Clinton Administration's Own Verdict:
Damage From 'Citizenship USA' [INS] Can Never Be Undone
Last year the press revealed rampant corruption
and abuse in the Clinton Administration's scandal-wracked
"Citizenship USA" program, a blatant attempt to naturalize a
million prospective Clinton voters before the Presidential election.
"Citizenship USA" and its Aftermath
The abuses in Citizenship USA have been widely reported, and on April 28, 1997 the Justice Department's Inspector General opened a massive investigation into allegations of "mismanagement, misconduct, and illegality" in the program. Members of Congress have asked Attorney General Janet Reno to appoint an Independent Counsel to investigate all aspects of the scandal, including the role of the Vice President--a request she has rejected.(1) In response to the avalanche of criticism, the Clinton Administration has repeatedly promised to tighten screening procedures around the nation and to revoke the citizenship of those improperly naturalized under the program. These promises have not been kept.
"No Assurance That INS Is Not Continuing to Incorrectly Naturalize Aliens"
On November 29, 1996, Doris Meissner, Commissioner
of the Immigration and Naturalization Service (INS), issued a memorandum
on "Naturalization Quality Procedures" outlining reforms, to
be implemented immediately, designed to correct the abuses in the
Citizenship USA program. In March 1997 joint oversight hearings
before two House subcommittees, Commissioner Meissner categorically
asserted that, although "[w]e made mistakes in Citizenship USA[,] [w]e
have corrected those mistakes and put in place a series of new measures
to prevent them in the future."(2)
Small wonder the private-sector auditors stated categorically, "We cannot provide assurance that INS is not continuing to incorrectly naturalize aliens with disqualifying conditions."
"A Gaping Loophole" for Fraud
The INS did not issue regulations to secure the
integrity of its criminal background checks until three years after the
Justice Department's Inspector General and the General Accounting Office
warned the INS of what the Washington Post called "a gaping
loophole" in its procedures. The gaping loophole was the fact
that "[t]he INS, anxious to streamline the citizenship process,
began accepting fingerprints handed in by the applicants themselves
rather than performing the time-consuming procedure in its
The result was that aliens with criminal records could easily cheat the
system by switching someone else's fingerprints in place of their own.(6)
And the Nebraska Service Center is not just any INS facility--it's the site of the nationwide "Fingerprint Clearance Coordination Center" established in June 1996 to upgrade INS processing of fingerprint cards.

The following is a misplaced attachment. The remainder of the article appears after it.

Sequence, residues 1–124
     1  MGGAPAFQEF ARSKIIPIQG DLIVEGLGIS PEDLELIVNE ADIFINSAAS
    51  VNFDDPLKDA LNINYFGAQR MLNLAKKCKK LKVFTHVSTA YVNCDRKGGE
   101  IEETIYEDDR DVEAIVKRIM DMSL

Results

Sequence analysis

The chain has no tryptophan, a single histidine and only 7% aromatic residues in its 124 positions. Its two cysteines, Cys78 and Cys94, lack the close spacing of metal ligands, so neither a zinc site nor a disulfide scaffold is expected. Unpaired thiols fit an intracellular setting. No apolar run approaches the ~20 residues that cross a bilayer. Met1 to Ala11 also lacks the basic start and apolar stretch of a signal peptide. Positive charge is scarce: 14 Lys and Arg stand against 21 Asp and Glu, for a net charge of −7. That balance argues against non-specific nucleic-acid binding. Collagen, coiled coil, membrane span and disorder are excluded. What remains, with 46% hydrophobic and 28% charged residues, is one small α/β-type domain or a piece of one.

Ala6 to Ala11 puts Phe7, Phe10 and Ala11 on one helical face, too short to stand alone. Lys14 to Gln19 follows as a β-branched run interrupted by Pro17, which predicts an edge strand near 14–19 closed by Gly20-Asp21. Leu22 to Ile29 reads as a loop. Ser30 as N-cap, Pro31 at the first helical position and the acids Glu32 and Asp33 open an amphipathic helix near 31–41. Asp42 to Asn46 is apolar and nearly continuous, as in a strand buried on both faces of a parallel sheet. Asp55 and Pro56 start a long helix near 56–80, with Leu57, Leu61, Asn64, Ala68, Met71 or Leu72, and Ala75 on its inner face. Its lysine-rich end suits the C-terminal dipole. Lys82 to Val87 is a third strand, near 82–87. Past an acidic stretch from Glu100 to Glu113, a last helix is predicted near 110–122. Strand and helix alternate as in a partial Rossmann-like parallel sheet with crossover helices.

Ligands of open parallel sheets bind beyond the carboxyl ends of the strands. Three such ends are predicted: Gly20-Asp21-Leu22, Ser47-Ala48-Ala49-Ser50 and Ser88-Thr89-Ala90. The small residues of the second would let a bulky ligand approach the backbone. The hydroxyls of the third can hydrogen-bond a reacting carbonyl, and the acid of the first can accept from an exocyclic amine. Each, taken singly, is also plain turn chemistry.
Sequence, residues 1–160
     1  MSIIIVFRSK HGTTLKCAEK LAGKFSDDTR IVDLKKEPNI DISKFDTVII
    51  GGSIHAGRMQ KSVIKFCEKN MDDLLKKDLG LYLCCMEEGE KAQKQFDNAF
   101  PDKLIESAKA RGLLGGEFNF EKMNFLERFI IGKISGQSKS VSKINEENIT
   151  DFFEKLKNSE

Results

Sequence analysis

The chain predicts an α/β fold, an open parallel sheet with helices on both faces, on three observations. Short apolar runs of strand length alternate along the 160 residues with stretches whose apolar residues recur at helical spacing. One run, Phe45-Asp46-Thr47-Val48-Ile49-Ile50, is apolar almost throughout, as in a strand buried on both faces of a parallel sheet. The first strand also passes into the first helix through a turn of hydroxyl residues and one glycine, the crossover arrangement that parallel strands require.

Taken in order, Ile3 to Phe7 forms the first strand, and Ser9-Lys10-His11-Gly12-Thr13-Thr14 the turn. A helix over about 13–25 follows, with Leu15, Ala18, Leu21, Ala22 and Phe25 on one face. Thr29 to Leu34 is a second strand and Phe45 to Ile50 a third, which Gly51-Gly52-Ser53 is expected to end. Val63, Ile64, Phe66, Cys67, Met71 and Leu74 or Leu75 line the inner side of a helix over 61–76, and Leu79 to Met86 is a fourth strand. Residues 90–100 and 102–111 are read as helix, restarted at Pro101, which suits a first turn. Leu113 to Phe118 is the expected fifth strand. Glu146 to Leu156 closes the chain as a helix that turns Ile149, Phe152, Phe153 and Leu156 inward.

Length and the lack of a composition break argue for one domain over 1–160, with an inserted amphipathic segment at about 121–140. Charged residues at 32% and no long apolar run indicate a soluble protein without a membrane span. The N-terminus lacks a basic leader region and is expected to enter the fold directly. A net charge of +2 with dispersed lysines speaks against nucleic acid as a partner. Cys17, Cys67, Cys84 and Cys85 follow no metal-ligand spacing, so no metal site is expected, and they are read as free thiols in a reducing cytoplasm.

Repairing the Damage: "Highly Uncertain," Says INS
In the aftermath of the scandal, the Clinton INS
promised to revoke the citizenship of those it had improperly
This promise is also being broken. As a result of the Citizenship
USA program, 180,000 immigrants naturalized in 1996 did not undergo any
fingerprint checks for criminal records. Now that these 180,000
have become citizens, the FBI and the INS cannot require them to provide
their fingerprints for background checks. The INS has no other
practicable way to check them.
In politically abusing the United States agency and system that confers the gift of citizenship, the White House violated one of the most solemn responsibilities of government--and exposed the nation to new criminal predators in the bargain. When the scandal was exposed, the Clinton Administration promised Congress and the American people that the corruption and fraud would cease forthwith. They promised that criminals would no longer be admitted to citizenship. And they promised that those criminals already admitted would be found and stripped of citizenship. None of these promises has been fulfilled; the last, by the Administration's own admission, never will be.
1. "Hearing Set on Naturalization Process," Reuters, April 30, 1997. For general background on the program, see "Clinton White House Turns Foreign Crooks Into U.S. Citizens," House Policy Committee Policy Perspective, October 28, 1996.
2. Statement of INS Commissioner Doris Meissner before the House Judiciary Committee Immigration and Claims Subcommittee and the Government Reform and Oversight Committee Subcommittee on National Security, International Affairs and Criminal Justice, p.12, March 5, 1997.
3. Statement of Assistant Attorney General for Administration Stephen Colgate, U.S. Justice Department, before the Immigration Subcommittee of the Senate Judiciary Committee, p.7, May 1, 1997.
4. Statement of Hon. Spencer Abraham, Chairman, Senate Judiciary Subcommittee Immigration Subcommittee, Hearing on INS Oversight: The Criminal Record Verification Process for Citizenship Applicants," p. 4, May 1, 1997.
5. "INS Says It May Never Find Naturalized Criminals," Washington Post, May 1, 1997.
6. Statement of Hon. Lamar Smith, Chairman, House Judiciary Committee Subcommittee on Immigration and Claims, Hearing on Safeguarding the Integrity of the Naturalization Process, April 30, 1997.
8. "Audit Faults INS Practices: Criminals May Still Be Getting Citizenship," Washington Post, p.A1, April 19, 1997.
9. Testimony of INS Commissioner Meissner, supra, at pp.11-12, March 5, 1997; letter from Commissioner Meissner to Sen. John Kyl, November 15, 1996, p.3 ("Any instance of improper naturalization is of concern to us. If it is determined that improper naturalization has occurred, we will move quickly to institute denaturalization proceedings.")
Commentary and Editor's Notes written and Copyright © by: LTC Michael G. Leventhal
Copyright 2000 Reproduction with written permission. Contact: Michael @Justice-Denied.net